Last night I watched Britain’s Youngest Boarders, with some trepidation it has to be said. I expected to be utterly horrified at boys aged 7 and up were packed off to boarding school in Sunningdale, just down the road from here.
The documentary followed their first term at Sunningdale, dealing with leaving behind families whilst they came to learn in an English Boarding Prep School. The school has around 100 pupils and class sizes are as small as 8 or 9. Now I can see the clear benefits here. Small class sizes are shown to help children in their learning and many of these young boys go on to Eton, Oxford and Cambridge so surely something is going well when it comes to this idea of sending young children away to school.
But surely its damaging for a boy as young as seven to be away from home for weeks at a time. To not have Mum and Dad there in the evenings to sit and do homework. To not enjoy family meals. To not share what they have all done that day. To not read with Mummy or Daddy in the evening.
Personally as a parent that is my idea of hell. Not being able to see my son on a daily basis and keep up to date with the goings on in his life! To not be able to listen to him practice his reading, or run around in the garden. To not watch him eat home cooked meals and to listen to him snoring.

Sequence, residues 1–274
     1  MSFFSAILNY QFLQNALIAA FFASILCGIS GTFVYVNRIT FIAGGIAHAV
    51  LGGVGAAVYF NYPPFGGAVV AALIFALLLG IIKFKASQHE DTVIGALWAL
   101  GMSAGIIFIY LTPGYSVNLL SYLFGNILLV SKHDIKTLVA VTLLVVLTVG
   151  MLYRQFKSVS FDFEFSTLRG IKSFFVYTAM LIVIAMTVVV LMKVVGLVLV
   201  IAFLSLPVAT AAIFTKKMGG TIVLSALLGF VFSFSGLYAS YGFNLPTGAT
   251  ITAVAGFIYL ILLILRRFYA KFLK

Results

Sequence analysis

There were “Matrons” at the boys school who saw themselves as big sisters rather than mothers, and they clearly didn’t have children of their own so how they could consider themselves mothers I do not know, but anyway, I think the documentary tried to show that having these Matrons somehow emotionally made up for not having a mother around. But at no point did it show anything to me that proved that.
Currently I have to consider choosing which school to send Simba too. A decision that I’m really hating. But that’s another blog post. But its safe to say that even if I did have the money to fund a private education let there be no doubt in my mind that I wouldn’t. Seeing one of those poor lads sitting at breakfast with tears streaming down his face, stifling his sobs, being ignored. I couldn’t do that to Simba. No way. I know as parents we are all individuals and we all have different view points and I respect those that have the strength to let go of their children like that and watch them go away for a week at a time. But for me thats not happening.